We’ve been considering ‘rules of writing’… at the end of the day and when all’s said and done (I’ve just broken one of the universal rules of writing ‘avoid clichés‘!) you are your own writer and you make your own rules – but it is very useful to look at the way people you admire write, people who are generally respected write, and people who are successful write.

You may have your own rules – and you might be quite rigid with them, or quite lax, but it is worth considering what masters of the craft suggest.

Here are two very contrasting sets of writers’ rules:

First, Annie Proulx who has deservedly won many major literary prizes including the Pulitzer Prize, National Book Award, Orange Award etc.  Her rules are looking at producing the best, most perfect piece of writing that you can, to polish and perfect, to work and rework and be the most critical critic your work will ever receive. Her rules are for the techniques of what she describes as good craftsmanship:

  1. Proceed slowly and take care.
  2. To ensure that you proceed slowly, write by hand.
  3. Write slowly and by hand only about subjects that interest you.
  4. Develop craftsmanship through years of wide reading.
  5. Rewrite and edit until you achieve the most felicitous phrase/sentence/paragraph/page/story/chapter

For many of us this would mean that we would never ever finish everything – for those of us with terrible handwriting, or who hand-write very slowly, the end would never be in sight. However surely we should aim to ‘take care‘, to learn through ‘wide reading‘ and to ‘rewrite and edit‘ to the best of our ability.

In complete contrast, and definitely with a very different audience in mind, is Billy Wilder. Maybe he is not well-known, or even known by younger people, but every film-buff will know and appreciate his great films Ninotchka, Double Indemnity, The Lost Weekend, Sunset Boulevard,  The Seven Year Itch, The Spirit of St. Louis, Some Like It Hot, The Apartment and Irma la Douce – and that’s only a tiny selection!  He gave a lot of advice, a lot of insight into how he was able to produce successful film after successful film… and here is just a selection of his thoughts:Well, here are some of Wilder’s screenwriting tips:

  1. The audience is fickle.
  2. Grab ’em by the throat and never let ’em go.
  3. Develop a clean line of action for your leading character.
  4. Know where you’re going.
  5. The more subtle and elegant you are in hiding your plot points, the better you are as a writer.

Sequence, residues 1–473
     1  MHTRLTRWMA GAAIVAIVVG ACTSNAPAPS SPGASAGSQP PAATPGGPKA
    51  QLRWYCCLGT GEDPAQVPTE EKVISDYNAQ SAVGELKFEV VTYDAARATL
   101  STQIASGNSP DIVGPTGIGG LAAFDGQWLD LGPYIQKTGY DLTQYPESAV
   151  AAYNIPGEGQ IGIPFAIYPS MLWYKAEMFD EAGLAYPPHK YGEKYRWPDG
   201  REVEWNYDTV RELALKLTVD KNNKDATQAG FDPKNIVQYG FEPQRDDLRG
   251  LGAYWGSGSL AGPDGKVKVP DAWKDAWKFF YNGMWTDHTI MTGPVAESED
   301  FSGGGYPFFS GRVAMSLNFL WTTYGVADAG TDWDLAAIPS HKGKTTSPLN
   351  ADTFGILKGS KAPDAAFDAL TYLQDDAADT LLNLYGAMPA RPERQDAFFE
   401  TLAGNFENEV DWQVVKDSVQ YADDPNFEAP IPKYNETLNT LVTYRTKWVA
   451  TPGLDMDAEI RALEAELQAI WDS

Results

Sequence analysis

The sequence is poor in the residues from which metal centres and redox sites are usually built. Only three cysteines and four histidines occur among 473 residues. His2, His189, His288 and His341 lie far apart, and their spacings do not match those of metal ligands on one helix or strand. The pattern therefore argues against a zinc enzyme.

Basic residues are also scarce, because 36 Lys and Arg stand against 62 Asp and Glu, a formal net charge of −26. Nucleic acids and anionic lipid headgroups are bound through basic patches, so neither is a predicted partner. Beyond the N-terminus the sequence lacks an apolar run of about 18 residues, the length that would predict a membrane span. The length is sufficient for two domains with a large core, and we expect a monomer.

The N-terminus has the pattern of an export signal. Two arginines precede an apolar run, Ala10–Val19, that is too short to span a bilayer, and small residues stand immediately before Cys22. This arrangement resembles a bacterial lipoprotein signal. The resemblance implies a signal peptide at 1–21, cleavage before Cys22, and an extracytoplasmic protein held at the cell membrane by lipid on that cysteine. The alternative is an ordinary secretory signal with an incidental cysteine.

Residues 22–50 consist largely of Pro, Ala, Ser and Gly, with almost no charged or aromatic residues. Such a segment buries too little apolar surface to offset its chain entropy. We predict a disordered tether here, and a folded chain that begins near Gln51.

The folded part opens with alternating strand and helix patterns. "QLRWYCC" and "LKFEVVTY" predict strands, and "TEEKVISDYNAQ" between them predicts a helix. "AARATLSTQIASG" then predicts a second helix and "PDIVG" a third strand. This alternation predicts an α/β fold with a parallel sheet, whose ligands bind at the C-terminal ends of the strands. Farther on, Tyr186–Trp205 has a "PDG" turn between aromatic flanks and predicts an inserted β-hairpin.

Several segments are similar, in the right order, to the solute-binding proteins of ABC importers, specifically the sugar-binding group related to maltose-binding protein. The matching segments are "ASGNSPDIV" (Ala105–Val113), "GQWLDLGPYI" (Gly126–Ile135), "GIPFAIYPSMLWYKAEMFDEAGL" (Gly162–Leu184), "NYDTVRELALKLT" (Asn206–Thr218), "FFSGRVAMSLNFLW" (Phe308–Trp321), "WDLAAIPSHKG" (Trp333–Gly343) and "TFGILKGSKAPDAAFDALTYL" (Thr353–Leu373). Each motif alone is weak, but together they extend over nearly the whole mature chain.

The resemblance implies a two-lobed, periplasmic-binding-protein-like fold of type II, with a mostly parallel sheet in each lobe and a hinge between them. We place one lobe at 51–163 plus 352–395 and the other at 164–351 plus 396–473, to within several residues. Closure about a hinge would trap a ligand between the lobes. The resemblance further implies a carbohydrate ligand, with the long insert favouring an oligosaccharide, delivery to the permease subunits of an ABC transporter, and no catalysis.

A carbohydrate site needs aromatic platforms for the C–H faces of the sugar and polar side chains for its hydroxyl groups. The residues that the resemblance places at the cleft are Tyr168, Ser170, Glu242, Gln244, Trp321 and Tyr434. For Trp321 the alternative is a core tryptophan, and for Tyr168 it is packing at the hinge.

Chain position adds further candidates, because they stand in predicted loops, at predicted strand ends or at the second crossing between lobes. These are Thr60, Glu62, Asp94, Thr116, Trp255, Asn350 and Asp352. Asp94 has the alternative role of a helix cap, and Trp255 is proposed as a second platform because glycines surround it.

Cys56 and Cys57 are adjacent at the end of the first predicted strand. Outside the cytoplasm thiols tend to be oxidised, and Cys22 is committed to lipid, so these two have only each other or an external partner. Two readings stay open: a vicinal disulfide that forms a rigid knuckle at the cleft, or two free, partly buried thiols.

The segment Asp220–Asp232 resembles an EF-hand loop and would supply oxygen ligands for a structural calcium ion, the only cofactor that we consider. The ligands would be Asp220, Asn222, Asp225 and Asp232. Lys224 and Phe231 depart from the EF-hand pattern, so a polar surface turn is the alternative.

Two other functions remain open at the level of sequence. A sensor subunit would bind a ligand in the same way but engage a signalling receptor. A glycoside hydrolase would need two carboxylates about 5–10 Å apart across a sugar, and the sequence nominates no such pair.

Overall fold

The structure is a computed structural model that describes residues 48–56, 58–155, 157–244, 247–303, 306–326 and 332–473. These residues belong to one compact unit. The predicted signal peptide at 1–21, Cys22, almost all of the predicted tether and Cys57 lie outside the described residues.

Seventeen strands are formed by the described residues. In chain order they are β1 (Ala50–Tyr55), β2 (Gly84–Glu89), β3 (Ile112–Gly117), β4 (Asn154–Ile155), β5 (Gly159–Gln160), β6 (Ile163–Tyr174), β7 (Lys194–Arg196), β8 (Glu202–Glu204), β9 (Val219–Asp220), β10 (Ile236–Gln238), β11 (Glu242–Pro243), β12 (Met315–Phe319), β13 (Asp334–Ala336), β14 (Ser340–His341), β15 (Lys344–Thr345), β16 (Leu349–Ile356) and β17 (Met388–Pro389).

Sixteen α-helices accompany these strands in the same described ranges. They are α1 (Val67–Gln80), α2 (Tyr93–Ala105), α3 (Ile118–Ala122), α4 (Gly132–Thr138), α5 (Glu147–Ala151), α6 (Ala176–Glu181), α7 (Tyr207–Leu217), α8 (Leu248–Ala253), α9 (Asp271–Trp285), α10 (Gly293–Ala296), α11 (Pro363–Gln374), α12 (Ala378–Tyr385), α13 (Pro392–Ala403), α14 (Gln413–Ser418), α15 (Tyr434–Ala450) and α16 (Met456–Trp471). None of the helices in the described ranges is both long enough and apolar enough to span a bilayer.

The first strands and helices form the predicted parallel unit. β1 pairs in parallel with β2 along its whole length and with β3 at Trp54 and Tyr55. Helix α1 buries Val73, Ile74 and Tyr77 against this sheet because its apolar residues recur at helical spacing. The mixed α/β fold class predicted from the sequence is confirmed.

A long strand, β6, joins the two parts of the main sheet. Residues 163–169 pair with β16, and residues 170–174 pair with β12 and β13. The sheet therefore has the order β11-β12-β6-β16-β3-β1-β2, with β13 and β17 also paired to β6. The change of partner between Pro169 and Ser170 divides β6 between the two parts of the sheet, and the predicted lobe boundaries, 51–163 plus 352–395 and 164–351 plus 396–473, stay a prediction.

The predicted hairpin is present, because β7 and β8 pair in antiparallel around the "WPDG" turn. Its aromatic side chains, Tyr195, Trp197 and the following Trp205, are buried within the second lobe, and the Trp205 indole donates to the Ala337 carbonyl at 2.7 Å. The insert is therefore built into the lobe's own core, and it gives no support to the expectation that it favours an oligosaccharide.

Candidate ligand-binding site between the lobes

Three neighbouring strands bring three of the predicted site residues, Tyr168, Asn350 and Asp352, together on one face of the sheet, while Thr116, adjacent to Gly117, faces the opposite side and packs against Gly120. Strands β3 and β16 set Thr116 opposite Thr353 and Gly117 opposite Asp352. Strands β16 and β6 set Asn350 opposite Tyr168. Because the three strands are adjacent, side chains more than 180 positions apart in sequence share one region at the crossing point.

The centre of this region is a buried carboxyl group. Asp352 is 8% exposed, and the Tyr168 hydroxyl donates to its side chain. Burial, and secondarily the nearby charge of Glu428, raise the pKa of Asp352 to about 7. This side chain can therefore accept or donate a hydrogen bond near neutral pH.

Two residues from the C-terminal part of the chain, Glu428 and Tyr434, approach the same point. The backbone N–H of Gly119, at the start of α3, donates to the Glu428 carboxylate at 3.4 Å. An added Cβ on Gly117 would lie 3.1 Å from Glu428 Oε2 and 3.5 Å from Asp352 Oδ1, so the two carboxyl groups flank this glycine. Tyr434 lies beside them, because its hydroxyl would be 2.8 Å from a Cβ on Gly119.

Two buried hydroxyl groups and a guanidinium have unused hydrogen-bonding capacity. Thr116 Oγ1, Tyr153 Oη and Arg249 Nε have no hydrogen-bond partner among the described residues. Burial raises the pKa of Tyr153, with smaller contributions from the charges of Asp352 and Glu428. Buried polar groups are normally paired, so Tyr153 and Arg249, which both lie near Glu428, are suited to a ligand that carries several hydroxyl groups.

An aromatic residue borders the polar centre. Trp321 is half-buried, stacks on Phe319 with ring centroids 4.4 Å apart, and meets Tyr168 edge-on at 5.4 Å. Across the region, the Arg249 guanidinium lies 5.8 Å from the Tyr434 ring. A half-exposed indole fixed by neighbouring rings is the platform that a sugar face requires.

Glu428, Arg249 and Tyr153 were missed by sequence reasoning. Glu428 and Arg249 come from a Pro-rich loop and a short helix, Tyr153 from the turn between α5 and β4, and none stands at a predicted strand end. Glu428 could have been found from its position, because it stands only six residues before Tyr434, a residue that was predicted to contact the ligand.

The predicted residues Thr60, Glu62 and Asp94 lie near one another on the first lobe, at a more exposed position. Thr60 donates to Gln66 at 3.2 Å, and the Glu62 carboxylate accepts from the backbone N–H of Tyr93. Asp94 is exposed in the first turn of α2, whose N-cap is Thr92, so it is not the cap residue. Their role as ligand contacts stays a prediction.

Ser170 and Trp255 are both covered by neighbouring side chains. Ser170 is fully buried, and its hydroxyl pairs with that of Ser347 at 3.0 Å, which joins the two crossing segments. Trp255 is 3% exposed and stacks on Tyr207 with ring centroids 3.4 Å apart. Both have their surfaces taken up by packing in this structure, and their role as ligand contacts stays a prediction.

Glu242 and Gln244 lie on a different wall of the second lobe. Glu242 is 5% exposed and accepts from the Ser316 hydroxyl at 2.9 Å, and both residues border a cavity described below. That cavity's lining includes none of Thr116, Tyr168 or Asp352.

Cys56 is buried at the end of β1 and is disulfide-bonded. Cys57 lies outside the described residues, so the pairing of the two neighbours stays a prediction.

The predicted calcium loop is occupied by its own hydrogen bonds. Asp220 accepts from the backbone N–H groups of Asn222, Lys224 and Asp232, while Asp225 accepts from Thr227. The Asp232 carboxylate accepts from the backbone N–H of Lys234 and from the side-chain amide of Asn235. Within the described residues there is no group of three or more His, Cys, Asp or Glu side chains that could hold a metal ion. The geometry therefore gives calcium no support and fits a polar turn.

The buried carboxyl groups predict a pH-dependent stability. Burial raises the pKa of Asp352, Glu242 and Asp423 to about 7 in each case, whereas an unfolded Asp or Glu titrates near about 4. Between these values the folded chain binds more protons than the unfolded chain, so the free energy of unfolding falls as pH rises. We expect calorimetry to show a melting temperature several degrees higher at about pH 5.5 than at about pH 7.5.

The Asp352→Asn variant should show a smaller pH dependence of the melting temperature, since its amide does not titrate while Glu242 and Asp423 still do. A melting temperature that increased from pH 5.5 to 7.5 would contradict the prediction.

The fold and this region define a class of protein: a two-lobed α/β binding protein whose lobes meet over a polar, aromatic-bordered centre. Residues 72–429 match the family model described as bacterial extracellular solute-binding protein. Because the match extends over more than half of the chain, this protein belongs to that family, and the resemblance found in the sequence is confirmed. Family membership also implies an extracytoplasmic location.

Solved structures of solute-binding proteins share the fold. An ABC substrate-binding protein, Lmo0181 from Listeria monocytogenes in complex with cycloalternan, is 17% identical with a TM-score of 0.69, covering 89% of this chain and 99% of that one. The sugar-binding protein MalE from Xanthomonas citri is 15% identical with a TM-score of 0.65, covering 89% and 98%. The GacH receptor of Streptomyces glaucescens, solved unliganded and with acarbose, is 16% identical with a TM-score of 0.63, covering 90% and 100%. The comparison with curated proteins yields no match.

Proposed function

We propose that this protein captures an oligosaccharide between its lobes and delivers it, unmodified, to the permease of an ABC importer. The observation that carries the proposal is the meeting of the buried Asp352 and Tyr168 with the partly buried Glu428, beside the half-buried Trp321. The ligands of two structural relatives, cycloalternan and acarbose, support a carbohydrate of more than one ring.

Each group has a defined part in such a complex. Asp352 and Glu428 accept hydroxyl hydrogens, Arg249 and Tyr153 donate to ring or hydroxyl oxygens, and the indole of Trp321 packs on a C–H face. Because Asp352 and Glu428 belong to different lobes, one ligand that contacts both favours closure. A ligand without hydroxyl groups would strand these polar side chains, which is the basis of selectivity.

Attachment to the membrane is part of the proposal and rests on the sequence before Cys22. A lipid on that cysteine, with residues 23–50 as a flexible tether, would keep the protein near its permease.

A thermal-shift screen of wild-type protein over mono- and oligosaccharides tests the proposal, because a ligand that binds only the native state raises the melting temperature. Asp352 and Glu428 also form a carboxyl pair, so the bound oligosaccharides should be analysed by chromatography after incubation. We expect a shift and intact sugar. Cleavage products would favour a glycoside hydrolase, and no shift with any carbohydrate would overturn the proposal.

6. If you have a problem with the third act, the real problem is in the first act.
  7. A tip from Lubitsch: Let the audience add up two plus two. They’ll love you forever.
  8. In doing voice-overs, be careful not to describe what the audience already sees. Add to what they’re seeing.
  9. The event that occurs at the second act curtain triggers the end of the movie.
  10. The third act must build, build, build in tempo and action until the last event, and then—that’s it. Don’t hang around.

Wilder is writing about film but his rules apply to fiction (and some non-fiction too) – here is our interpretation of film writing rules for other writing

  1. there are so many books to read, so many other things to do, don’t let your reader put your book down and move on to something else
  2. your beginning has to engage your reader and keep them reading
  3. your main character (or characters) must be consistent and true to themselves
  4. know where the story is going (this maybe only when it is complete and you are working on it – you must have a clear path you are following)
  5. make sure everything is there so the reader will understand what’s happened in the end – but as Wilder says, be subtle, hidden in plain sight!
  6. if you’re struggling in one part of your story – the roots of the problem maybe in a different earlier part
  7. don’t be pedantic, don’t explain every little thing in minute detail
  8. show don’t tell
  9. sometimes the seeds of the conclusion are rooted in a much earlier part of the story (if they’re not, but just windblown into the conclusion your reader will not be happy!)
  10. the conclusion of your story must be satisfactory – it mustn’t just end as if you’re fed up writing/have run out of ideas/have run out of time. Once everything is concluded, tie the ends up nicely but don’t bore the reader with a long and unnecessary epilogue

© Lois Elsden 2017

Here is a link to Lois’s books, including her how to guide – ‘So You Want To Write‘ and our own anthology “The Moving Dragons Write’